Crib Goch is not difficult, it’s just that many people find it incredibly scary. A thrilling grade one scramble involving a shuffle along a tightrope ridgeline, followed by some entertaining scrambling to conquer its three pinnacles, it’s right up there with some of the finest mountain objectives in the UK. With the backdrop of Yr Wyddfa, the sparkling llyns below and with the twin-topped Y Lliwedd gazing back across the void, Crib Goch enjoys a sensational situation.

Three Peaks Challenge: On Crib Goch

Tom and Sam negotiating the notorious ridge of Crib Goch (Image credit: Alex Foxfield)

The ridge is very much the psychological crux of our entire planned Challenge as, although Tom and Sam have done scrambles before, there’s no way of knowing how someone will fare when first faced with Crib Goch’s breathtaking exposure. Llanberis Mountain Rescue Team get called out to the ridge many times each year, usually to aid ‘cragfast’ hikers who have frozen and are unable to help themselves.

So, while in this very feature I’m advocating a more interesting way to approach Yr Wyddfa, I wouldn’t recommend Crib Goch to anyone who hasn’t already spent plenty of time on scrambling terrain. However, if you’ve got the experience, it’s a stunning route.

I see that Tom and Sam are enjoying the traverse, Tom having blazed a trail on the wonderful scramble up the east ridge and both smiling their way along the main arête. Too soon, we cross the pinnacles and reach the easier ground at Bwlch Coch. Crib y Ddsygl follows, with more hands-on rock fun but with nothing anywhere near as exposed as on Crib Goch, and before long we make it to the apex of Garnedd Ugain, Wales’ second highest peak and just a short, simple hike away from its greatest.

Three Peaks Challenge: negotiating the pinnacles

Tom and Sam negotiating the last of Crib Goch's three pinnacles (Image credit: Alex Foxfield)

Thought to be the world’s busiest mountain, Yr Wyddfa, Snowdon, is predictably thronged as we arrive at the summit. We don’t hang around, launching ourselves down the Pyg Track, ducking and diving between the scores of people making their way up the popular route. We make quick work of it and arrive back at Pen y Pass, where Mike – Tom and Sam’s dad and our driver for the day – is waiting for us with the van. “Go! Go! Go!” I jokingly shout as we jump in. Yr Wyddfa had taken us 2 hours and 55 minutes.

More time on the hills, less time in the car

As well as avoiding the busiest trails and the less aesthetic ways to the summit, my proposed plan should enable us to spend more time on the hills and less time in the car. On Yr Wyddfa, doing Crib Goch instead of the Pyg Track isn’t a massive deviation in terms of time and effort. However, on Scafell Pike and Ben Nevis in particular, our routes were set to be markedly different.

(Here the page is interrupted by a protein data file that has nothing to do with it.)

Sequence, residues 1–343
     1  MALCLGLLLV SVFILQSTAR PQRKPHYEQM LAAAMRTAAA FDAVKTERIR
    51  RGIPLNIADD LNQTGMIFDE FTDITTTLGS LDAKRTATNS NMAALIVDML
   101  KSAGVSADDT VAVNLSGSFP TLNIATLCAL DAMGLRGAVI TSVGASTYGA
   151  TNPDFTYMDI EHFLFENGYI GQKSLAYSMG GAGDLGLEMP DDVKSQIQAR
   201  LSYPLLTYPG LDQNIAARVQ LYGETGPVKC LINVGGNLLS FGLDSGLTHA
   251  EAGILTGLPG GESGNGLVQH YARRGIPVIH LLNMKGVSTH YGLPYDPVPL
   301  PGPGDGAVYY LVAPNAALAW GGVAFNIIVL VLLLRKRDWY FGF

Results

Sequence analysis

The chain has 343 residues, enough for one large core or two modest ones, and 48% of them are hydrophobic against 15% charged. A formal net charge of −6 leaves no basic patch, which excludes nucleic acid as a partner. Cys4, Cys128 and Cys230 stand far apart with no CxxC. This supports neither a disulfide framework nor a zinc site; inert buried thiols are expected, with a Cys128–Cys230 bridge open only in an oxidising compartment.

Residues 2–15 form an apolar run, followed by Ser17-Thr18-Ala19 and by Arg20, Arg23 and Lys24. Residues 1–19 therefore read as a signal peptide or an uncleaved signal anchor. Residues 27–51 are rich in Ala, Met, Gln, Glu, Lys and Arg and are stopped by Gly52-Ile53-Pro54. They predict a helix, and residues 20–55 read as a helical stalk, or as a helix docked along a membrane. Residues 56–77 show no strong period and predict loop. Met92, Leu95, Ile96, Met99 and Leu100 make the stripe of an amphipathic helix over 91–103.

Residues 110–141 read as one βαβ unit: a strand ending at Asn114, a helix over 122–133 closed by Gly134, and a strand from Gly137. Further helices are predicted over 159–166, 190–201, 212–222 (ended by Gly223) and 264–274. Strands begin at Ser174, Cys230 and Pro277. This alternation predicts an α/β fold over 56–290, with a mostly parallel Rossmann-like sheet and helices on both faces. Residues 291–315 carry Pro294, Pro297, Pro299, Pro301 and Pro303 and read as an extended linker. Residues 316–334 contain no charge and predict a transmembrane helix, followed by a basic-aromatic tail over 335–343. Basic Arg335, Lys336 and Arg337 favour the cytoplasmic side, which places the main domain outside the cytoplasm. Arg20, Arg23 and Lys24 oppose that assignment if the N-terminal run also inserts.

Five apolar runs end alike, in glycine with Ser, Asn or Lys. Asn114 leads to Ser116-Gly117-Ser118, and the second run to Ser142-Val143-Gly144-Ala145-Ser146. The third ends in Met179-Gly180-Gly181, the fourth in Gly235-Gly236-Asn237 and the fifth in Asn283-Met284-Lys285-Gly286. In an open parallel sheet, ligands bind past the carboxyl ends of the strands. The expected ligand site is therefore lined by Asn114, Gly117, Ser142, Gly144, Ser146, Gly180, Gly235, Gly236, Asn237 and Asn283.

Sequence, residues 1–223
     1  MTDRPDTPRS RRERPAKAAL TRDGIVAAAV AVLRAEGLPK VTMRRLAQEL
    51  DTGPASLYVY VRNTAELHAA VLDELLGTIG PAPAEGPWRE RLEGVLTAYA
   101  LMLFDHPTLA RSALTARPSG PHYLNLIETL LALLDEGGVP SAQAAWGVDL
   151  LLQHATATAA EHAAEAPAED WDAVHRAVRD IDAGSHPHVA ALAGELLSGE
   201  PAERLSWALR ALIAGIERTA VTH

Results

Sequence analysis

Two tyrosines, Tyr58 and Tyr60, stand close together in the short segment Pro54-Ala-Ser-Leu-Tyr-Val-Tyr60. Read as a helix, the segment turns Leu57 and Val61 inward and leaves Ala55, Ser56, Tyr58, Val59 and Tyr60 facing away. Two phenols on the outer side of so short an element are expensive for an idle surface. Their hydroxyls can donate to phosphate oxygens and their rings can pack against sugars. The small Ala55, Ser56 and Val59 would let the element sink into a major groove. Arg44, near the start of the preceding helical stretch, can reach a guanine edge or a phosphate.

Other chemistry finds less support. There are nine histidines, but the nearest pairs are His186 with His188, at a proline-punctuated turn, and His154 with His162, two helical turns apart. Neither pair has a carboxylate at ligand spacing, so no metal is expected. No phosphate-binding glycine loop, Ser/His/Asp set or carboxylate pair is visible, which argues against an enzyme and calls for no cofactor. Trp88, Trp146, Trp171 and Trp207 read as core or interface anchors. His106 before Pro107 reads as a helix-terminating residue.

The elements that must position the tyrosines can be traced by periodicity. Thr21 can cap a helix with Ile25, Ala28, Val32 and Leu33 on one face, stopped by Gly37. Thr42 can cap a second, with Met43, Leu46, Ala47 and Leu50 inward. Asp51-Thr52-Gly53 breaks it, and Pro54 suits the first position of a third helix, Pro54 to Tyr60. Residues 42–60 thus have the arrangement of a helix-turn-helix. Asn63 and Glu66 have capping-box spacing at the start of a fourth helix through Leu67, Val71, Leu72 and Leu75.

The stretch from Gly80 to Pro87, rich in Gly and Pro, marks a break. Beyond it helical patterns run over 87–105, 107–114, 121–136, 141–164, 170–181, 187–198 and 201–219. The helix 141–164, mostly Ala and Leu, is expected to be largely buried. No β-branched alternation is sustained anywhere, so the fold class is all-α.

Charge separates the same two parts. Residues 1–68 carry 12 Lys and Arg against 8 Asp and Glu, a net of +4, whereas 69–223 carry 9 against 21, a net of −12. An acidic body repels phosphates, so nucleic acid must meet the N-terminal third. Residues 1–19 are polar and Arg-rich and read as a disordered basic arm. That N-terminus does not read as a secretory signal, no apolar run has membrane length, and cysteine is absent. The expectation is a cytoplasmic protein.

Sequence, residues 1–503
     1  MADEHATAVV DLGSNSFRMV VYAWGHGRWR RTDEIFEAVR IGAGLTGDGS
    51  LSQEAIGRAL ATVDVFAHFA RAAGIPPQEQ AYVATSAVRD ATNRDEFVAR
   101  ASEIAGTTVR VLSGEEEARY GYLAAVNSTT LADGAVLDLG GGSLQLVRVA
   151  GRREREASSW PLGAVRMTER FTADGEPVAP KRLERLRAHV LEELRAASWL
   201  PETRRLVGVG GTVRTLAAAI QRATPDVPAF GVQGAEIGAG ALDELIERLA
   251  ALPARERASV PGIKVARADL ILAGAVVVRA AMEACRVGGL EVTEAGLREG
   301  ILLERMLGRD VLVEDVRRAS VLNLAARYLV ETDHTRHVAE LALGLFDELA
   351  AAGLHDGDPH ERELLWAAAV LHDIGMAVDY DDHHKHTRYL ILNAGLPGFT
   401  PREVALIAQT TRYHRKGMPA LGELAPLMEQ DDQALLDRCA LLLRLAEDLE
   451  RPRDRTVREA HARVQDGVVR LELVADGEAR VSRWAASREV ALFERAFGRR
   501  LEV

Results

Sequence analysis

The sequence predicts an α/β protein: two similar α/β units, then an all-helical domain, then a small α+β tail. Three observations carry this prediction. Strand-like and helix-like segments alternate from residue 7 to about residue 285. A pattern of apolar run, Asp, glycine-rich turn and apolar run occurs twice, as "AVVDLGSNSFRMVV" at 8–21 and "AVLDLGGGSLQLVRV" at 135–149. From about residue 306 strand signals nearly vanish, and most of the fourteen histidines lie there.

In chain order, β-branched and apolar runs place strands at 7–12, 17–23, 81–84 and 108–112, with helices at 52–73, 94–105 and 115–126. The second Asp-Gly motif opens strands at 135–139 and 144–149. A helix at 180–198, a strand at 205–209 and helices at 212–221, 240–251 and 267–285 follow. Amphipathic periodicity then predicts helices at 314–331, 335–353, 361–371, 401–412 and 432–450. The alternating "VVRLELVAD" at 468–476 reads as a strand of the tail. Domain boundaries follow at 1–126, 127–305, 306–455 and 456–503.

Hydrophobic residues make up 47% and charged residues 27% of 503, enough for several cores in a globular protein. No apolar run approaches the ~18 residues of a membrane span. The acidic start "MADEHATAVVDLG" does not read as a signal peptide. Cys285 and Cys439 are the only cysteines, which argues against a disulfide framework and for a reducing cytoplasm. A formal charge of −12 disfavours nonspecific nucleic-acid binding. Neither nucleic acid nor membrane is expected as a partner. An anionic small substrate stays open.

The usual way to tackle Scafell Pike involves driving to Wasdale Head, a remote and stunning valley in the Lake District's south west. My proposal was to instead begin from Seathwaite Farm in the more accessible Borrowdale Valley, ascending Scafell Pike by the hugely scenic Corridor Route and returning over the high spine of the massif. This kind of exploratory ascent and subsequent traverse would allow us to get to know the mountain more intimately. I’d also done the maths and it seemed to me that the time we’d save on the road would equate to the extra time spent in the mountains.

Three Peaks Challenge: Alex on the Corridor Route

To reach the summit of Scafell Pike, we'd ascend via the Corridor Route (Image credit: Alex Foxfield)

Seathwaite Farm: 5:00pm – 7 hours into the Challenge

Whereas on Yr Wyddfa we were moving with the tide of people heading up the mountain, on the initial ascent towards Scafell Pike we were very much in the minority, passing plenty of people on their way down from a day in the fells. We encounter a few wild campers setting up their two-person tents by the gloriously situated Styhead Tarn, preparing to spend the night in the company of Great Gable, Seathwaite Fell, Great End and Lingmell. 

Before reaching the top of the Styhead Pass, we branch off and join the Corridor Route. Accompanying us in the early stages are dramatic views of Piers Gill, a tremendous chasm that runs below Lingmell’s intimidating east face before making a right turn and plummeting towards Styhead. We enjoy a couple of rocky steps but nothing to match the scrambling we’d encountered on Yr Wyddfa. Nonetheless, we are amazed to meet a large group who seem to be painstakingly guiding three visually impaired hikers over the tricky rock sections. What an effort!

Three Peaks Challenge: Broad Crag Col

At Broad Crag Col before the final ascent to Scafell Pike's summit (Image credit: Alex Foxfield)

To the southeast of Middleboot Knotts, we leave the Corridor Route behind, following a path to Broad Crag Col. Hindsight is a beautiful thing and I now wouldn’t recommend this way. The path petered out, bring us to an infuriating scree slope for the final ascent to the col. Much better would have been to continue to Lingmell Col and join the path up from Wasdale. However, it isn’t long before we are standing on Scafell Pike’s impressive, cylindrical stone windbreak as the highest people in England.

The views, so familiar to me, are nonetheless always magical. Most of the Lakeland Fells are on show, like old friends smiling back at me. Memories of countless adventures flit through my head.

Three Peaks Challenge: Tom running the Scafell Pike ridge

Tom running on the Pikes of Scafell ridge (Image credit: Alex Foxfield)